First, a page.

The gold standard for treatment is the CPAP pump – a machine that maintains consistent positive airway pressure to maintain the airflow through your throat. The technology is only around 30 years old, but there has been significant progress in the last few years in CPAP machine design, masks and the way patients are counselled.

Newer model CPAP machine for sleep apnea treatment

Most new CPAP machines are designed to be super quiet and unobtrusive – the sound of a running tap and washing your hands is almost six times as noisy!

Some are portable and weigh less than one pound. There is also a variety of nasal and face masks that provide improved comfort.

Some patients can wear a nasal mask, others may need a face mask that covers their nose and mouth. Masks come with different contours, different headbands and different kinds of sealing/padding to fit faces of many different sizes and shapes.

CPAPs and masks come in a wide range of performance, esthetics and cost. There are basic units, 80% covered by Ontario’s Assistive Devices Program, and fancier units that provide either greater comfort or capabilities that fit special needs.

Caring counselling not only helps the machinery work right for you, it helps overcome fears and maintain compliance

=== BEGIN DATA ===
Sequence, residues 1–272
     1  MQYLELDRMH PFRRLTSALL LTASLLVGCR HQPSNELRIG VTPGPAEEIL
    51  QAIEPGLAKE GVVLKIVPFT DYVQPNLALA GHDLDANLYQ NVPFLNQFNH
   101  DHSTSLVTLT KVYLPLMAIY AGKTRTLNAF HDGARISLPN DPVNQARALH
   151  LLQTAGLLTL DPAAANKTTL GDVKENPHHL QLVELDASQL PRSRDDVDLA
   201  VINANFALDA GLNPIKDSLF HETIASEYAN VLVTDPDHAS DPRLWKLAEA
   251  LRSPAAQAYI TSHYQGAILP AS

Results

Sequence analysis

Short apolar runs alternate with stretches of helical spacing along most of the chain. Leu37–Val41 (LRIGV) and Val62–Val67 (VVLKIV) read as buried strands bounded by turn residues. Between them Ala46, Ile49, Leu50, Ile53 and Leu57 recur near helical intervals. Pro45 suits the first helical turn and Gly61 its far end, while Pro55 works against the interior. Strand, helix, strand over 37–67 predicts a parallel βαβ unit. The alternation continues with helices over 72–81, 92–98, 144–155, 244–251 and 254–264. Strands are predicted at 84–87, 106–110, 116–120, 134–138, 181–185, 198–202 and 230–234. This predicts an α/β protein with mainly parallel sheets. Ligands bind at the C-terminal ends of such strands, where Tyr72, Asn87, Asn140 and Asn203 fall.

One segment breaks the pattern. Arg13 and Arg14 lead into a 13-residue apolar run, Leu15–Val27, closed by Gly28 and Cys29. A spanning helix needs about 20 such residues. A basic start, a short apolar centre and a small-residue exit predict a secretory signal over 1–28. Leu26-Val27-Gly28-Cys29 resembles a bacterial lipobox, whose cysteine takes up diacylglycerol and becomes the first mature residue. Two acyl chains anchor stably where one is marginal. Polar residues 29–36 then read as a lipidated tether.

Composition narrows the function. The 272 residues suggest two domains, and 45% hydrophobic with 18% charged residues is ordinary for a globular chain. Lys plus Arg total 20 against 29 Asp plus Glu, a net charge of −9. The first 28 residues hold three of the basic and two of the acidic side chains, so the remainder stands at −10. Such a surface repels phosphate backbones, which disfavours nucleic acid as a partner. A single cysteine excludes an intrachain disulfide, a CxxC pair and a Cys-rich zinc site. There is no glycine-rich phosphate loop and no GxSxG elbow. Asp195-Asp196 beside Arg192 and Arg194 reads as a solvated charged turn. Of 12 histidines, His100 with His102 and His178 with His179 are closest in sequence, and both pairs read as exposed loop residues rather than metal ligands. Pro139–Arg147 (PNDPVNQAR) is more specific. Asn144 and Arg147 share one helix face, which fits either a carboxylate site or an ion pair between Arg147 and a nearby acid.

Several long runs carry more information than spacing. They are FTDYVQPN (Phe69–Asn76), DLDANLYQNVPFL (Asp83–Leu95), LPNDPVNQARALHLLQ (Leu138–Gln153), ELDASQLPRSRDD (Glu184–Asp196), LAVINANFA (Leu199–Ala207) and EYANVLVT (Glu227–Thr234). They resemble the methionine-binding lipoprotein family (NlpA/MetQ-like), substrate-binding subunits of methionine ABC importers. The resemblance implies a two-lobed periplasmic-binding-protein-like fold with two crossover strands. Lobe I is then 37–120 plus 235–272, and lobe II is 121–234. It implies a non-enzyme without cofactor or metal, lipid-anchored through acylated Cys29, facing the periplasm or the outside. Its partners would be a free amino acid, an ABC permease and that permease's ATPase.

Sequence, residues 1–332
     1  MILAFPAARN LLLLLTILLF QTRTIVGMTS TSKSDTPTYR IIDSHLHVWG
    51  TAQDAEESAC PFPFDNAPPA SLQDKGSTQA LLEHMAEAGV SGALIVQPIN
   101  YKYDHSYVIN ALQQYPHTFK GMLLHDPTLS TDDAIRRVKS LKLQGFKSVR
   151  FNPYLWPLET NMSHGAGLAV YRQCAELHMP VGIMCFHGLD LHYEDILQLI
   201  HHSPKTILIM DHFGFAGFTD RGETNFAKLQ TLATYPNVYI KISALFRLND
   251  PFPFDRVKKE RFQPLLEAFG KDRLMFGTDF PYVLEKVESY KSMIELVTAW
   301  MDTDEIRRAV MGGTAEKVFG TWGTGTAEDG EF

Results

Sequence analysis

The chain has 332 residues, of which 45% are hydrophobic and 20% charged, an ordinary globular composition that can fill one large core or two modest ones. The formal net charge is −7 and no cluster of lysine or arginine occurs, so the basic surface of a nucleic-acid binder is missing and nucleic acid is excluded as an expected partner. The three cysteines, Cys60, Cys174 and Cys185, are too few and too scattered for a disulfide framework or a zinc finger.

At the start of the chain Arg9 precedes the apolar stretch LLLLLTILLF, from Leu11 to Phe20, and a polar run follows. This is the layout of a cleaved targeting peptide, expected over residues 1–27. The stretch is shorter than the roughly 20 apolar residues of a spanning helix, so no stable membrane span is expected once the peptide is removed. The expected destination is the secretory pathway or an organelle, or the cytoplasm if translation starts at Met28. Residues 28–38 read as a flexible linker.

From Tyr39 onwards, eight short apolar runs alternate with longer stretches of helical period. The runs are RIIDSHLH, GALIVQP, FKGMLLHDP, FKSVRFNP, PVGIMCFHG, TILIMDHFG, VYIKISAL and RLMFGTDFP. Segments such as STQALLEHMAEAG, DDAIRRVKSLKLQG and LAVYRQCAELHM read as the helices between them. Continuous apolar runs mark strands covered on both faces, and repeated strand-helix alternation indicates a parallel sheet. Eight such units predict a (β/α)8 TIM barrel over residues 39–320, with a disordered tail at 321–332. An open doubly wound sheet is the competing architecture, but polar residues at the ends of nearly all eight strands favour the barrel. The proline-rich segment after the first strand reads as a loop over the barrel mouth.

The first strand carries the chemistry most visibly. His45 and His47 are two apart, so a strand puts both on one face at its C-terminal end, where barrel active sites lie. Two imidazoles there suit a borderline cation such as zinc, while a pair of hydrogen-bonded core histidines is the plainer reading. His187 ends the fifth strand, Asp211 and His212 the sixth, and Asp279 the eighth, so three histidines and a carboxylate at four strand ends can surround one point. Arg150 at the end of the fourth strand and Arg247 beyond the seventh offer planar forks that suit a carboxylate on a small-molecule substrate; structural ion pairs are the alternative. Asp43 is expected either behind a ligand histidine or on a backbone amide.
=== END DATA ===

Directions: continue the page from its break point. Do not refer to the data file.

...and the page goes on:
If you have sleep apnea you can fill your prescription for a CPAP machine through a responsible and caring supplier of assistive devices. They can help you find the machine and mask that’s right for you and help with follow up service and advice.

Symptoms of sleep apnea (from the Mayo Clicnic)

  • Excessive daytime sleepiness (hypersomnia)
  • Loud snoring, which is usually more prominent in obstructive sleep apnea
  • Episodes of breathing cessation during sleep witnessed by another person
  • Abrupt awakenings accompanied by shortness of breath, which more likely indicates central sleep apnea
  • Awakening with a dry mouth or sore throat
  • Morning headache
  • Difficulty staying asleep (insomnia)
  • Attention problems

Sleep apnea may be related to a condition you already have.

Hypertension – what’s the connection to sleep apnea?

As many as 83% of patients with hypertension have sleep apnea.